Suggests that while integration is a term that logistics discusses in an interorganizational context, integration within an interdepartmental integration is not as prevalent. Consequently, a common definition for “integration” is lacking. Literature has provided three characterizations: integration represents interaction or communication activities; integration consists of collaborative activities between departments; and integration is a composite of interdepartmental intraction and interdepartmental collaboration. Adopting the composite view, prescribes that managers and researchers consider integration to be a multidimensional process. Proposes a model is based on this perspective to suggest that different logistics situations will require varying degrees of integration via interaction and collaboration. Managerial implications are discussed for each situation.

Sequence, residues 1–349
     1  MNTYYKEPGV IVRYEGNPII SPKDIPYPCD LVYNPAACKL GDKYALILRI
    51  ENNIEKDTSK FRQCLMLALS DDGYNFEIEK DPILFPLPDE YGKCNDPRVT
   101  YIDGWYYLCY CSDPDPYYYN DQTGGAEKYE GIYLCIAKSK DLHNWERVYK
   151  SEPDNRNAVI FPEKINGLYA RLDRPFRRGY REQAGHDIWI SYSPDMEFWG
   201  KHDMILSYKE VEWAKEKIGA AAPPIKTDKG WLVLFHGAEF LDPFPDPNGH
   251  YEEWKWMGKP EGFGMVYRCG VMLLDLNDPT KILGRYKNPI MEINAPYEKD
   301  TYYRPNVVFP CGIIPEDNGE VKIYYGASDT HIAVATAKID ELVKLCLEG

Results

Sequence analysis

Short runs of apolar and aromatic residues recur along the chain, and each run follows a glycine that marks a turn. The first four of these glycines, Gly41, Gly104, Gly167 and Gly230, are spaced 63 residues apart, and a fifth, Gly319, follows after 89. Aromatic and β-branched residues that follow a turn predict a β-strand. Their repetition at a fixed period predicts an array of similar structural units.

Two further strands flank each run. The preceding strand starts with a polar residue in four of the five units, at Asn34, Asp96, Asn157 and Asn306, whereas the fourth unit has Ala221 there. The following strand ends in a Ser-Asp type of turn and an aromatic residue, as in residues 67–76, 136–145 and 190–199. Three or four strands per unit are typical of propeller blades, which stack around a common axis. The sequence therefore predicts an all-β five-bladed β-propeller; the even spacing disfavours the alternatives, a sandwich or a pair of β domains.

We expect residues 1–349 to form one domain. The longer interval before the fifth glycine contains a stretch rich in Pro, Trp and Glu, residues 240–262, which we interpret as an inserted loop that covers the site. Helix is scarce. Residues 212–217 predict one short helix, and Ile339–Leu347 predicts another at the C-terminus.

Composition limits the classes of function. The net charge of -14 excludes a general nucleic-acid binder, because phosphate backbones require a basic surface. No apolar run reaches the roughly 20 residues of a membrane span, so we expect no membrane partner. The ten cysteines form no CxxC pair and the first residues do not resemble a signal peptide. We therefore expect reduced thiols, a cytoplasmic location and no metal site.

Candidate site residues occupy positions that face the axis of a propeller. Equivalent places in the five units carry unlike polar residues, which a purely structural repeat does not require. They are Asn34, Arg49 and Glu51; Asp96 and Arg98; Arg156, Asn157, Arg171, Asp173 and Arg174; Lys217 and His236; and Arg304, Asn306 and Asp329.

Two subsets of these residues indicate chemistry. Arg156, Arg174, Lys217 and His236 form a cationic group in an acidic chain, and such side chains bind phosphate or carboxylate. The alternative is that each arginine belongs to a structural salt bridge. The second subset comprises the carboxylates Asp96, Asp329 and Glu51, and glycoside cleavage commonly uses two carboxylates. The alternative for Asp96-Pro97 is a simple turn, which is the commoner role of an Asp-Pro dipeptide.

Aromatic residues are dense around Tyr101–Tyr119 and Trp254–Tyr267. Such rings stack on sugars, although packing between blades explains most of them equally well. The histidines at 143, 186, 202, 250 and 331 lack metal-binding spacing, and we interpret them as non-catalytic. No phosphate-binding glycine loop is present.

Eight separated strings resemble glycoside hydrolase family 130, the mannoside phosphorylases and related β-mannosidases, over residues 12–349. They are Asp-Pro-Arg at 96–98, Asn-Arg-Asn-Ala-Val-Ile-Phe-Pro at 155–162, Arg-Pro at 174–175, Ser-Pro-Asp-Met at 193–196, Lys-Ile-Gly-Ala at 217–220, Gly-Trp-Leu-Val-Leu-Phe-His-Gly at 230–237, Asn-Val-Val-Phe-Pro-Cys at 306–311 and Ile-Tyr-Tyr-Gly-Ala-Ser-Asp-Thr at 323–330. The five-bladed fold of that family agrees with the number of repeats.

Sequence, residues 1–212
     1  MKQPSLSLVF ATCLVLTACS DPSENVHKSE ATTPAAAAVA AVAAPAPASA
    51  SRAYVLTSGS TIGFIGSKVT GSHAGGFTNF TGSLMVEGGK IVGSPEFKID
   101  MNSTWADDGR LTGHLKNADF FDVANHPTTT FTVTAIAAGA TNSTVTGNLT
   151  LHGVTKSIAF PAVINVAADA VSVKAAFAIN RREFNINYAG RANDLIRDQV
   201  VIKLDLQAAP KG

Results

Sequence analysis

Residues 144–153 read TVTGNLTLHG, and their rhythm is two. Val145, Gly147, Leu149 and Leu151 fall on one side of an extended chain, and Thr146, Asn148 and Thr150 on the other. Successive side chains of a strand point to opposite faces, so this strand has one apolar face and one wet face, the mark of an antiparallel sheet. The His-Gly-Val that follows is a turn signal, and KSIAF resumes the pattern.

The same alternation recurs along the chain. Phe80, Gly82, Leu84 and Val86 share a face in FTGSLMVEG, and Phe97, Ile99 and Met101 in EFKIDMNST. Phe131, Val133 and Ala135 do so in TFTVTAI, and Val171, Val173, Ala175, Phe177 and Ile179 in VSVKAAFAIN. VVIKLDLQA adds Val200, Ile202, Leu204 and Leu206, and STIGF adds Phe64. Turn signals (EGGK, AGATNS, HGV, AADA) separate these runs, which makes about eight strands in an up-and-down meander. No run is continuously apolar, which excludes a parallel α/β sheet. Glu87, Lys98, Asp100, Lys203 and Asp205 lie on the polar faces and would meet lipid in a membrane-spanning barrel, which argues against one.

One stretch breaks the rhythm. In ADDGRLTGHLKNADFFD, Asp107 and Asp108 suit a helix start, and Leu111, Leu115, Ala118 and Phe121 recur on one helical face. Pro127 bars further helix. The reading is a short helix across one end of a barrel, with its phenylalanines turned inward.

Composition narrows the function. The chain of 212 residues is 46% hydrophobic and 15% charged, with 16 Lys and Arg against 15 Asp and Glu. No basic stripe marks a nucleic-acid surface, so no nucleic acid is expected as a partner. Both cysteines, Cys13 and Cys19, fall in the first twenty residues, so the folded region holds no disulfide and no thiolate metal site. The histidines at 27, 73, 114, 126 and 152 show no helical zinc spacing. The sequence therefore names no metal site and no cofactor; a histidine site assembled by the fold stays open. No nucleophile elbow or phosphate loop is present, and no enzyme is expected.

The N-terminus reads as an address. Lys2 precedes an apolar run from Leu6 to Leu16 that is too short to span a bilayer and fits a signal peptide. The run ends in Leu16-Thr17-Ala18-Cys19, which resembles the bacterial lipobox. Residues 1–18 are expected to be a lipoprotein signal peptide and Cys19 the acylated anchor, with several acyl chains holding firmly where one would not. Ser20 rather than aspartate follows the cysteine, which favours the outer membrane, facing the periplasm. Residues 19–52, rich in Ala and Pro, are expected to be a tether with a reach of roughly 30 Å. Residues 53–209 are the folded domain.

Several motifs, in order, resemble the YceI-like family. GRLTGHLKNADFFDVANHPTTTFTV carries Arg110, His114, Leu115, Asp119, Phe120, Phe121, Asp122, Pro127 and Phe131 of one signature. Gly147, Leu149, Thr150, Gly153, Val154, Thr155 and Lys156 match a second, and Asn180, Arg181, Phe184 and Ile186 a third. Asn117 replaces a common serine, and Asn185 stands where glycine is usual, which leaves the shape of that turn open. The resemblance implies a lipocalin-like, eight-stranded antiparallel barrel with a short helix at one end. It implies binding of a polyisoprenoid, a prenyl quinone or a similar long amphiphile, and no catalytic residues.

Kahn, K.B. and Mentzer, J.T. (1996), "Logistics and interdepartmental integration", International Journal of Physical Distribution & Logistics Management, Vol. 26 No. 8, pp. 6-14. https://doi.org/10.1108/09600039610182753Download as .RIS
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